Breckinridge, John (1760–1806)

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BRECKINRIDGE, JOHN (1760–1806)

John Breckinridge studied law under Virginia's george wythe, then moved to Kentucky, serving as state attorney general (1795–1797), state representative (1798–1800), United States senator (1801–1805), and United States attorney general (1805–1806). During the alien and sedition act crisis Breckinridge traveled to Virginia, where he convinced thomas jefferson, through an intermediary, that the vice-president's resolutions condemning the acts should be introduced in Kentucky, and not North Carolina, Jefferson's initial choice. Breckinridge revised Jefferson's draft by deleting the term nullification, thus allowing Kentucky to condemn the acts and declare them unconstitutional without actually defying the federal government. Breckinridge then guided the resolutions through the Kentucky legislature while hiding Jefferson's authorship. In 1802 Breckinridge drafted and shepherded through the Senate an act to repeal the judiciary act of 1801—that eleventh-hour creation of the Federalists under john adams which allowed the outgoing President to appoint additional federal judges. Breckinridge argued that the repeal was constitutional, because if Congress had the power to create inferior courts, then Congress could also abolish them. He also contended against a judicial power to hold unconstitutional acts of Congress or of the President. Breckinridge initially doubted the constitutionality of the louisiana purchase, but in 1803 he introduced the Breckinridge Act which created territorial government for Louisiana. Like the Kentucky Resolutions, this act was secretly written by Jefferson.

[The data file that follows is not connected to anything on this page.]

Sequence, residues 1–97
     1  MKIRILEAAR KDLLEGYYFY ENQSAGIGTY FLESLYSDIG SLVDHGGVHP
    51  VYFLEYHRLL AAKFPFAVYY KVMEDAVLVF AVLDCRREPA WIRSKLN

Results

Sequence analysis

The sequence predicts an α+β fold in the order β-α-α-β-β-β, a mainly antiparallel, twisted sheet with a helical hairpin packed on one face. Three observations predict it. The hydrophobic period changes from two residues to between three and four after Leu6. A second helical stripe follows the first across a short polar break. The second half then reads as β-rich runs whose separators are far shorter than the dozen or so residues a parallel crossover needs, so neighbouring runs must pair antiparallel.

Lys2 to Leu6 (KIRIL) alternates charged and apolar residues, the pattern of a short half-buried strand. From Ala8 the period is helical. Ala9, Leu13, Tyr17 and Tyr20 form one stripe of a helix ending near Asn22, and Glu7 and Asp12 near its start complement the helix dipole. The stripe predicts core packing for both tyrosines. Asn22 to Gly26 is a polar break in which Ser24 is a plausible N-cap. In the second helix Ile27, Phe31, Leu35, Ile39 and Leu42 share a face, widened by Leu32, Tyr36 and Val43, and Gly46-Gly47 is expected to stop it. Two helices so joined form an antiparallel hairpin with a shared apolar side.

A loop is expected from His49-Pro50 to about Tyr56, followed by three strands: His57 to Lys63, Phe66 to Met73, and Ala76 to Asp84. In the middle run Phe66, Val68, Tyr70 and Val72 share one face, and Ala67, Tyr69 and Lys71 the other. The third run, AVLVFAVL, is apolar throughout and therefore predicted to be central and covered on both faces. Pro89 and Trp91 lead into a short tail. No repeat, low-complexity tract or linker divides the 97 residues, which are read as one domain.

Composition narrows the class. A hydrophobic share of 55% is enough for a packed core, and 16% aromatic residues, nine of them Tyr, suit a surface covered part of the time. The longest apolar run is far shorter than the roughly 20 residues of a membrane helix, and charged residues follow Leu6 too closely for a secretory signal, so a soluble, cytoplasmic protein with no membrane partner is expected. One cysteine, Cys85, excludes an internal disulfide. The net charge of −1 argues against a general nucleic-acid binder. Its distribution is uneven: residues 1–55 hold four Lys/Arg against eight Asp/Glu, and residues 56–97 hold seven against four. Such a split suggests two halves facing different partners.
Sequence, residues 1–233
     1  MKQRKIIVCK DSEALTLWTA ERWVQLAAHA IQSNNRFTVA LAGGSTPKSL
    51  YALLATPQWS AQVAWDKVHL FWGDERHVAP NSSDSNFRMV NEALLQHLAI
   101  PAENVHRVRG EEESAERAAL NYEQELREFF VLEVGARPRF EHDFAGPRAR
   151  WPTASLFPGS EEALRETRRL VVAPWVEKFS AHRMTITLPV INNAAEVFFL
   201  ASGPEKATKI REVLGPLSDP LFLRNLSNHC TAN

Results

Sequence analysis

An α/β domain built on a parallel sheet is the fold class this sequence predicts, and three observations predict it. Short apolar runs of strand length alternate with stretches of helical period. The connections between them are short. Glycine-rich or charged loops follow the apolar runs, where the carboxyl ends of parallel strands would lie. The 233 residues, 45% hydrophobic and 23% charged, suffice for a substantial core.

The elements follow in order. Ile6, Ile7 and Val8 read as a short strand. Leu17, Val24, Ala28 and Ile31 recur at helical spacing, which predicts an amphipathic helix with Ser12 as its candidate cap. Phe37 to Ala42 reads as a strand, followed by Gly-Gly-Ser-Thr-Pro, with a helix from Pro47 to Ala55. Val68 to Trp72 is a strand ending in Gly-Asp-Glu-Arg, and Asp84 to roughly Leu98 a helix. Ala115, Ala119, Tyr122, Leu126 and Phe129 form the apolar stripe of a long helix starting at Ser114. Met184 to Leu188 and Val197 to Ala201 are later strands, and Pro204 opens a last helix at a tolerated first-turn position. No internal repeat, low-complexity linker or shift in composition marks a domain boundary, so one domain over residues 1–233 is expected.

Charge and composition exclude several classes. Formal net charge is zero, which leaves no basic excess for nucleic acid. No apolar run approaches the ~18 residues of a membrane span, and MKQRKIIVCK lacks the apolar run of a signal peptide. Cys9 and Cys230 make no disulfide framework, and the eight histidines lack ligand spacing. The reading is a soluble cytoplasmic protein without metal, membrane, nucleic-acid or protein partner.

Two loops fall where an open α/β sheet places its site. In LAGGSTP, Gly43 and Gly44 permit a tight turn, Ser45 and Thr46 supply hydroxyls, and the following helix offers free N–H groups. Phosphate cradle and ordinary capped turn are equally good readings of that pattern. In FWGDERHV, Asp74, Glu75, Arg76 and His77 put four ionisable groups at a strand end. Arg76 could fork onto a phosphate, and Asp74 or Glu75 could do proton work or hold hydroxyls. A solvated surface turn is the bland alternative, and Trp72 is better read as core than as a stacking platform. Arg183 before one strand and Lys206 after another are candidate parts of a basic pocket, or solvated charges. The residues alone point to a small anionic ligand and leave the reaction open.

Paul Finkelman
(1986)

(see also: Virginia and Kentucky Resolutions.)

Bibliography

Harrison, Lowell H. 1969 John Breckinridge: Jeffersonian Republican. Louisville, Ky.: Filson Club.